Want to Increase Market Share? Elevate Your Photography

_MG_7680

Everything is being automated—including photography. In case you missed it, there’s a new innovation for product photography: the all-in-one photo machine.

All-in-one photo machines are designed to make product photography and cataloging more efficient. You simply prepare and style the product, place it on the machine’s surface, and let the machine do the rest. No photographers needed. No need to fuss over lighting.

The innovation is all about efficiency; it’s designed to reduce the time it takes to get product images into a digital storefront, where they can start generating orders. That efficiency, however, is only valuable if you’re willing to jeopardize what makes your brand special.

Automated photography may not be worth it in the long run, and we’re not just saying this because we run a photography and production studio. The problem is that efficiency isn’t what most product photography needs—differentiation is.

Too many products look and behave the same in the post-consumer, digital marketplace. Nearly every shirt, lamp, rug, faucet, floor tile, chair, bed, desk, electronic device, potion, and elixir looks pretty similar to its competitor. Buyers can’t tell the difference between one product and all the other me-too, knockoff, copycat versions.

Photography within traditional channels, such as print advertising, is just as repetitive. Browse any commercial publication and you’ll see the same thing: products within the same category looking the same. For the buyer, this monotony makes it hard to know which wall covering, countertop, lighting fixture, office chair, or flooring choice is best.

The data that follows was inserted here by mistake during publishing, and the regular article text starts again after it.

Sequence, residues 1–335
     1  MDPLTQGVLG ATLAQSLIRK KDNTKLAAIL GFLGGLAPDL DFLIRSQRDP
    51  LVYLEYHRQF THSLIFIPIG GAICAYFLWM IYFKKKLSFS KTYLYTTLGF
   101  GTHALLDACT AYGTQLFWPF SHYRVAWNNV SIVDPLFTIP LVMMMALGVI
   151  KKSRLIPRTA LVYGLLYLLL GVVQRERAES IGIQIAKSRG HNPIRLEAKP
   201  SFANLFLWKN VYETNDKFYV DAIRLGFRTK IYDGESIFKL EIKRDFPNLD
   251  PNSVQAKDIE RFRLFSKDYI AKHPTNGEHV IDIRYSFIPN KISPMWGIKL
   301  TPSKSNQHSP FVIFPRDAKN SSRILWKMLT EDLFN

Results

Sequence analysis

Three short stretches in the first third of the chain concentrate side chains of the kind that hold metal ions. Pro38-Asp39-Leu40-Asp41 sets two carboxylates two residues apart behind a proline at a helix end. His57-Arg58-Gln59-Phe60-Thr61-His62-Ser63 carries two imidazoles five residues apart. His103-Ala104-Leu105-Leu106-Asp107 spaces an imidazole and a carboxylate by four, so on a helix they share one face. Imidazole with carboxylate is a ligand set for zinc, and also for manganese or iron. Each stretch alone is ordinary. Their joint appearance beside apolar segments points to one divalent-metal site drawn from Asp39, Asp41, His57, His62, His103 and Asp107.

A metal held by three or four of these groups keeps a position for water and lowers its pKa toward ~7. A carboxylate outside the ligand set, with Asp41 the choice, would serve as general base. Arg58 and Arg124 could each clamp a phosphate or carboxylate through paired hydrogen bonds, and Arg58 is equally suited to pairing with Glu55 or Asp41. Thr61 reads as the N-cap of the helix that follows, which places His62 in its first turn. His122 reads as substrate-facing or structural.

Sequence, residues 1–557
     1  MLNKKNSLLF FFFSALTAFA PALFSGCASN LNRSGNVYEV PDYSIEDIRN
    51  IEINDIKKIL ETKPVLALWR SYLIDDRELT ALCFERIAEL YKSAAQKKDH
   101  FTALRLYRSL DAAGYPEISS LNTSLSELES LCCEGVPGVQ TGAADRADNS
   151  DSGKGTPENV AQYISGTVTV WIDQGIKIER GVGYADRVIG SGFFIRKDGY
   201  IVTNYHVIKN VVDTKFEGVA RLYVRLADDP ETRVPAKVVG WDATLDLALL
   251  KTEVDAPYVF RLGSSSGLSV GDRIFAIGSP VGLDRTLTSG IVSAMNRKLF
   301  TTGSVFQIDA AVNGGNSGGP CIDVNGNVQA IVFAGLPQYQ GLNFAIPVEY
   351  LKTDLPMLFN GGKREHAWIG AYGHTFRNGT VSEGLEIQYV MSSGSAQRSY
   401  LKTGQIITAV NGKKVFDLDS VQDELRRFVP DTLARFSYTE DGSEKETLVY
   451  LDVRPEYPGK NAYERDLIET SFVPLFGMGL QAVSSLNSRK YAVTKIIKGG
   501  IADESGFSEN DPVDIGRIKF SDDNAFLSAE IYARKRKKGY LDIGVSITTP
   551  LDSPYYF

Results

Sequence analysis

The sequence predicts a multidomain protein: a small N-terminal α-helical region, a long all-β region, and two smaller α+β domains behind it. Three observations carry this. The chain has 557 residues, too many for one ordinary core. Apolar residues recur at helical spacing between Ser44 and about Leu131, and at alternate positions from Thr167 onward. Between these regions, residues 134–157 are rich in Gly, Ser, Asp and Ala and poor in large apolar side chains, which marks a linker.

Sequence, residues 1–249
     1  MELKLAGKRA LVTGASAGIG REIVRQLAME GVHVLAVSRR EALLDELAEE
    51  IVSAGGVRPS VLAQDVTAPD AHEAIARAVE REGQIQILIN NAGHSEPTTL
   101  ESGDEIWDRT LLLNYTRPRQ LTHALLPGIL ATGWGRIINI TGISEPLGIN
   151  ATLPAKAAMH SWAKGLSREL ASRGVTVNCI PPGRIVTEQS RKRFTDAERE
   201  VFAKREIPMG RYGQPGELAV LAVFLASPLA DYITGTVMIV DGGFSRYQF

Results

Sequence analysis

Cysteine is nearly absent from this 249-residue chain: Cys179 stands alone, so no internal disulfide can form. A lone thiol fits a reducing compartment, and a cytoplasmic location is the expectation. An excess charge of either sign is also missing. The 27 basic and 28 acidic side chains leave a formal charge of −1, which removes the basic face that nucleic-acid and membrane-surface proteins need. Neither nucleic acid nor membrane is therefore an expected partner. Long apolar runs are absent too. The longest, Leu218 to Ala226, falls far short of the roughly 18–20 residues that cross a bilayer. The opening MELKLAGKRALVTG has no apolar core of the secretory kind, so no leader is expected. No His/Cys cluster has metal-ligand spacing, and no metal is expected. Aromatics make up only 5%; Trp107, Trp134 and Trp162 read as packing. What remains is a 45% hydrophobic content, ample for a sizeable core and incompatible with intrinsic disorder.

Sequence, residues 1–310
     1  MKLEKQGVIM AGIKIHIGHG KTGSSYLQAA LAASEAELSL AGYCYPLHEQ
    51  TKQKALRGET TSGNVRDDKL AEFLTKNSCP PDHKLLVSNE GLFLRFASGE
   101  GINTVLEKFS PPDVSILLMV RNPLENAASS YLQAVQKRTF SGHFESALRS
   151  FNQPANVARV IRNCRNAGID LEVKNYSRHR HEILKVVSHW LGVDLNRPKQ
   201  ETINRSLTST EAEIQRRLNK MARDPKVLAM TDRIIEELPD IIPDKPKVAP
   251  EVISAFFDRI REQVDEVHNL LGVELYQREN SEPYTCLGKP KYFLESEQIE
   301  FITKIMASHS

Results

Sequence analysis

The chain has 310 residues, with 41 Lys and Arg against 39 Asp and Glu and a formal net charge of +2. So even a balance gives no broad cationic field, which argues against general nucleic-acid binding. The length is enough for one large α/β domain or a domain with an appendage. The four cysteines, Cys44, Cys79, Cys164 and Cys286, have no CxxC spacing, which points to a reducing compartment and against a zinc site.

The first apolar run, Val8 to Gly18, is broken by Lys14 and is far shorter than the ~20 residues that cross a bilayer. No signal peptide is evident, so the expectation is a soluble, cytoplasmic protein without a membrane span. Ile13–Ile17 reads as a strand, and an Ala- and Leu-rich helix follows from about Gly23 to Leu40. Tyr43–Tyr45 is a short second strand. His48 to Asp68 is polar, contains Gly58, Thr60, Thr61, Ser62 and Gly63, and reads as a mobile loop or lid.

Photography is one of the first encounters your audience will have with a new product.  It shapes their perception and their experience. If establishes the look and feel of the product and what makes it special. If you underplay its value, you’re wasting a huge opportunity.

When your photography fails to convey a distinctive look and feel, four problems arise:

  1. Buyers can’t distinguish any real product advantage, so they base their decisions on price.
  2. When you can’t show, you have to tell. This is how product ads get littered with copy. Advertisers desperately try to sway their audiences with long lists of boring features, benefits, and technical specs, which lessens the emotional connection with the viewer.
  3. The images are uninteresting, predictable, and largely overlooked, which means they are a waste of money.
  4. The product experience is shallow; the buyer feels very little connection to the product or to the entity that’s selling it to them. Nothing piques their interests or emotions.

Many marketers view changes to their photography as a risky prospect—but in reality, there is greater risk in doing it exactly they way everyone else does it. Your photography is more than a visual representation of your product, it’s an opportunity to create a distinctive brand experience: one that’s immersive, memorable, and emotionally distinctive.

When you shift how you photograph your brand, and carefully curate the images associated with your company, you gain a competitive advantage. Stop thinking about selling products, or even solving problems, and start thinking about creating an experience around your brand.

5 Ways to Improve Experiences and Increase Market Share through Photography

  1. Determine the primary characteristic or quality you want to associate with your brand. Once you’ve defined that characteristic, let it lead your photography. Is that word performance, luxury, innovation, sustainability, convenience, or flexibility? Whatever it is, it should be the guiding theme of your product photography.
  2. Commit to both brand and product photography, and make sure your product photography incorporates the feeling of larger brand photography. Take a close look at some of the great iconic brands, the ones with a cult following, such as Patagonia. Their most powerful ads create a feeling for the overall brand, they don’t focus too closely on the product.